When you first started your business, like many entrepreneurs, you may have used your personal assets for startup capital or may have secured a business loan based on personal assets. As your business grows, creating a clear boundary between your personal and business finances is crucial to staying on the right side of the law.
Even if you’re just starting out, it’s essential to split up these two parts of your money life. Treat your business, no matter big or small, like a viable entity.
Don’t know where to start with separating out your personal and business finances? Let’s start with expenses.
An expense can be defined as money spent or cost incurred in an organization’s efforts to generate revenue which is also known as the cost of doing business. However, there are expenses that are carried for satisfying our wants and needs that are of personal nature and do not result in any incremental revenue.
As you navigate business financing, it may be tempting to use your personal finances to help out when your business needs a boost, but that is not always the best solution in the long run. Separating your personal and business finances can help ensure you treat your business like the independent entity it is while safeguarding your personal finances.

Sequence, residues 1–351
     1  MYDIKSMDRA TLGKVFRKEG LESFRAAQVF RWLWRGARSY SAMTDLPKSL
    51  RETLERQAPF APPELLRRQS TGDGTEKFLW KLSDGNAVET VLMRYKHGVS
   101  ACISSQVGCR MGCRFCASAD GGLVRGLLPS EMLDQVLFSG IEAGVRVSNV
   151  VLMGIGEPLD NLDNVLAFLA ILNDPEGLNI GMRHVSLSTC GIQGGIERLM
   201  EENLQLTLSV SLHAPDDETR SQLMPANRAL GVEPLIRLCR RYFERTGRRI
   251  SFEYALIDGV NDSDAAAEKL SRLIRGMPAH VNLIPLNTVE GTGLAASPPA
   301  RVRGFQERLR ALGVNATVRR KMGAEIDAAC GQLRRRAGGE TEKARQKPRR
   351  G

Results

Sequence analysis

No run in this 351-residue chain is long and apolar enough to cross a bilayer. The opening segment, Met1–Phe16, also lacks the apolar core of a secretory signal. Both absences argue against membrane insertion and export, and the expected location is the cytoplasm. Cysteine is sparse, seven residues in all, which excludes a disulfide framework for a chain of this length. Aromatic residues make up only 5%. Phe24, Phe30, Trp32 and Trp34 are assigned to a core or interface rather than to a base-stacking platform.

Why Do I Need to Separate Personal And Business finances?
Though there are many benefits to keeping your personal and business finances separate, two of the main reasons you should draw a line in the sands of finance are for tax and personal protection purposes.
It is much easier to keep track of business expenses for tax purposes if you use a separate business account. Once you have your business checking account, keeping track of things like expenses is essential to properly file taxes. Remember, from office expenditures to operational and inventory purchases, every receipt counts. When it comes time to file your taxes (or hand everything over to your accountant), a thorough collection of business-only information is going to save you a lot of time and a significant amount of stress.
Separating your personal and business finances is important for tax reasons. However, separating your personal finances for the sake of your personal security is perhaps equally, if not more, important. Using your personal finances to back any entrepreneurial venture can be a risky business and not just because of the initial financial gamble.
Entrepreneurs often wind up signing personal guarantees for leases, loans, and lines of credit. Sometimes that’s necessary, especially when your business is young and hasn’t established a strong business credit rating. But your goal should eventually be to avoid personal guarantees as much as possible. The way to do that is by building strong business credit to give lenders confidence that your business can and will repay its debts.
How to separate your personal and business finances?
Make it official
Consider establishing a partnership firm, limited liability company or a private entity for your business. You can refer to the Corporate Affairs Commission’ website or sit down with your advisors like CAs, lawyers, CPAs, or financial planners and determine what entity makes the most sense, how this business will impact your taxes and financial planning.